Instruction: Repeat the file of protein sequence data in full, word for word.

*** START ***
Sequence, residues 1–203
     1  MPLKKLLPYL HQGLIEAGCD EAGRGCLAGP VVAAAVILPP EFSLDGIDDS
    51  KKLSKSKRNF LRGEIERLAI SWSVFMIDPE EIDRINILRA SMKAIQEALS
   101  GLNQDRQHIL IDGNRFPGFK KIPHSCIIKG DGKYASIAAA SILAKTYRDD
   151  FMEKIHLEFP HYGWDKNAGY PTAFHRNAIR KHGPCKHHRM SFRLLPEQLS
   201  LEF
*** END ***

Sequence, residues 1–203
     1  MPLKKLLPYL HQGLIEAGCD EAGRGCLAGP VVAAAVILPP EFSLDGIDDS
    51  KKLSKSKRNF LRGEIERLAI SWSVFMIDPE EIDRINILRA SMKAIQEALS
   101  GLNQDRQHIL IDGNRFPGFK KIPHSCIIKG DGKYASIAAA SILAKTYRDD
   151  FMEKIHLEFP HYGWDKNAGY PTAFHRNAIR KHGPCKHHRM SFRLLPEQLS
   201  LEF